University system calls for shared sacrifice |

University system calls for shared sacrifice

University officials Saturday offered lawmakers a four-step plan they said would greatly minimize the budgetary damage to the system while costing the state just $40 million a year more.

Chancellor Dan Klaich said with the state picking up that much, students are willing to take a comparable increase in their fees and the system will find an equivalent amount of added reductions.

“If people want to talk about shared sacrifice, we’re prepared to share,” Klaich said. “But let’s share equally.”

He said the funding levels in the governor’s proposed budget aren’t shared sacrifice.

“A heavily disproportionate share of the cuts in this budget are falling on higher education,” Klaich said after the joint hearing of the Assembly Ways and Means and Senate Finance committees.

The plan first equalizes the reductions between the two fiscal years. The governor’s recommended budget provides $466.4 million in General Fund for Fiscal 2012 and $395.5 million in fiscal 2013. That would be changed to $431 million each year.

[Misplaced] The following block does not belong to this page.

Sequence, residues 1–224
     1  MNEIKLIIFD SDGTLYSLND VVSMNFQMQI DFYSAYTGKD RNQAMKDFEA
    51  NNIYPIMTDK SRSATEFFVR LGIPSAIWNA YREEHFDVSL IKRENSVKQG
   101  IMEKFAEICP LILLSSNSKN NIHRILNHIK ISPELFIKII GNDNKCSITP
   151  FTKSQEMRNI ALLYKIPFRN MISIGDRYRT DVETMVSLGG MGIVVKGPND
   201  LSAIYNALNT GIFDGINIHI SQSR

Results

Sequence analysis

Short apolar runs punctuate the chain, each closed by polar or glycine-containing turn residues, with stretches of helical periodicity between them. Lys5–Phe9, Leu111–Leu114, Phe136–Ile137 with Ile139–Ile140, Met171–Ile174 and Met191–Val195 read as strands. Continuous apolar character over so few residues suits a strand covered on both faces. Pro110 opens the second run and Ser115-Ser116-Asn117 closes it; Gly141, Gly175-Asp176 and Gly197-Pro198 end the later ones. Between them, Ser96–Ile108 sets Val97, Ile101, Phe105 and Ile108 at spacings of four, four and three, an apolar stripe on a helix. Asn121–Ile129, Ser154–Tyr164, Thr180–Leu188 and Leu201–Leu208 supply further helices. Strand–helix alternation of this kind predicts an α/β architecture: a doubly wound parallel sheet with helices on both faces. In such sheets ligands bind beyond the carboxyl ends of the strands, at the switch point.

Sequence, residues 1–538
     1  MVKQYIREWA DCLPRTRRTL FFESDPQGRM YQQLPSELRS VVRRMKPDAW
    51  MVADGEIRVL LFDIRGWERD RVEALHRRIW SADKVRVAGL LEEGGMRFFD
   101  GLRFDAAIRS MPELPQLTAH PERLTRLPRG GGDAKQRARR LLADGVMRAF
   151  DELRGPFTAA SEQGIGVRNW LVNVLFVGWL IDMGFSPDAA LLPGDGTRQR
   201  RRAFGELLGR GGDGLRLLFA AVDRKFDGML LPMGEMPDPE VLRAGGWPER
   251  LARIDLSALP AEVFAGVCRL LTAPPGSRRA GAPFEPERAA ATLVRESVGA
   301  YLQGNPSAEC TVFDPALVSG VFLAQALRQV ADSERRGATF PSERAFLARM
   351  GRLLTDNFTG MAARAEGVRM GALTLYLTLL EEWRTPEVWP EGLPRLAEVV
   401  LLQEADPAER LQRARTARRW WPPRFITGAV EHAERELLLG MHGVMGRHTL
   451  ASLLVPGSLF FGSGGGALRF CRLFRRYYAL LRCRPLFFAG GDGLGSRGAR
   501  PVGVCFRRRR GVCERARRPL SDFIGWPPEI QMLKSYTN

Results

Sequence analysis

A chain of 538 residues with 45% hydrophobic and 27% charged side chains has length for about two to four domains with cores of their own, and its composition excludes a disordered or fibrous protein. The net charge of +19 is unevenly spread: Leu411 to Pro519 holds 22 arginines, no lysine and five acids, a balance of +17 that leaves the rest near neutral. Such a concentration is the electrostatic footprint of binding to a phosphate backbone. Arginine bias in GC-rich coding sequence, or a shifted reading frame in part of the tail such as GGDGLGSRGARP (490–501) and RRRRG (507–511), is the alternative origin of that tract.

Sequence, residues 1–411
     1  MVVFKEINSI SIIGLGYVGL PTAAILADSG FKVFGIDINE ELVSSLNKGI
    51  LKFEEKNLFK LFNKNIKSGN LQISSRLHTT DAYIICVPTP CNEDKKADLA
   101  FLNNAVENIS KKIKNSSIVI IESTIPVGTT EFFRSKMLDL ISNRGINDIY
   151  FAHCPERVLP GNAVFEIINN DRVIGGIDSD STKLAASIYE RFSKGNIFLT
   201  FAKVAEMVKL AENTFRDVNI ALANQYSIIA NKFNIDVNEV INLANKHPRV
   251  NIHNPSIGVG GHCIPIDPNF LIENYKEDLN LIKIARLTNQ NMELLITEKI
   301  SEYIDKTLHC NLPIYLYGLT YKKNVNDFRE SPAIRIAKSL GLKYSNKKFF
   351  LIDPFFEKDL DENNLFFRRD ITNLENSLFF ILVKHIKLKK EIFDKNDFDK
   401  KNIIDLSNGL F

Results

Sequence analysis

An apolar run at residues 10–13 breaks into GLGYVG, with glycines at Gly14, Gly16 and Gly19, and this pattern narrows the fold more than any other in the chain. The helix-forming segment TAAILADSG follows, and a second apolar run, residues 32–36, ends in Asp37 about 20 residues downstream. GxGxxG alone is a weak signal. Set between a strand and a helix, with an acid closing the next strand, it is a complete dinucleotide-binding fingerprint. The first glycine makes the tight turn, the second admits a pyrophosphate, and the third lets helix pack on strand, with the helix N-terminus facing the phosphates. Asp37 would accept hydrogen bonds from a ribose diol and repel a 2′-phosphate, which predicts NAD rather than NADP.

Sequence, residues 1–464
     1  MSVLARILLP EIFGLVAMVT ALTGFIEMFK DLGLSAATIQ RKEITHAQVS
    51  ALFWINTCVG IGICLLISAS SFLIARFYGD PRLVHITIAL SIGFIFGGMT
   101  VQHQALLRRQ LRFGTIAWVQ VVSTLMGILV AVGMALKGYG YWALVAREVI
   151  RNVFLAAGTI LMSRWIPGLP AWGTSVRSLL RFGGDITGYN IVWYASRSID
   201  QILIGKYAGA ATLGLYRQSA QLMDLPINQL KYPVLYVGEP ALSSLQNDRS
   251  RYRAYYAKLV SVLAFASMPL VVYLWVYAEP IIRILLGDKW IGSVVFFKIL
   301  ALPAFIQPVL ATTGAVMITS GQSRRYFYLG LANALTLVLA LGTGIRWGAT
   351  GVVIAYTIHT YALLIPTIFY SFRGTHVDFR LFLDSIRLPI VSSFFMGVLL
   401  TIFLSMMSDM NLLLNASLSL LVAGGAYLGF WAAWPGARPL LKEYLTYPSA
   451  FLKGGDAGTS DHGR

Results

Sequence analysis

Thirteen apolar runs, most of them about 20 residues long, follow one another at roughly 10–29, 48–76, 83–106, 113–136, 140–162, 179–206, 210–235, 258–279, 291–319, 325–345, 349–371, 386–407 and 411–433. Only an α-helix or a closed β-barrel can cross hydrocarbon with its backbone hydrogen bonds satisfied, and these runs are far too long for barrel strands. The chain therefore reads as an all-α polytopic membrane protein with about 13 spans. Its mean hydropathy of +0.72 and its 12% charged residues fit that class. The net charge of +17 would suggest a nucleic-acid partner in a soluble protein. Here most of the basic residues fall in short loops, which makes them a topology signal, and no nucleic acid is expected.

Students would absorb a 13 percent increase in tuition and fees, adding another $39.7 million to the pot in 2013.

The system would then find additional reductions totaling $43.3 million in each fiscal year.

The state’s share would then be $40.3 million more in General Fund each fiscal year.

Klaich told lawmakers that would raise state support to $471 million a year, reducing the double-digit budget reduction proposed for the system to 7.8 percent a year.

He said that would sharply reduce the estimated 19,000 students who wouldn’t be able to attend classes under the governor’s budget.

“It will save access for 12,700 of those students,” he said.

Klaich said it also would reduce the projected 1,497 layoffs across the system by 560 to less than 1,000.

Klaich said it also would save the colleges of education and agriculture and save programs across the system’s classroom offerings.

He made it clear it’s important, especially to the students who are stepping up that the state participate.

“They’re willing to do that again – if the state matches that,” he said.

Klaich also asked lawmakers to process legislation that would give the campuses and the Board of Regents the ability to move money around between budgets.

The committees took no formal action on the budget proposals. Senate Majority Leader Steven Horsford, D-Las Vegas, said lawmakers will decide at another hearing how much funding to restore and how much authority to give the system to move money around.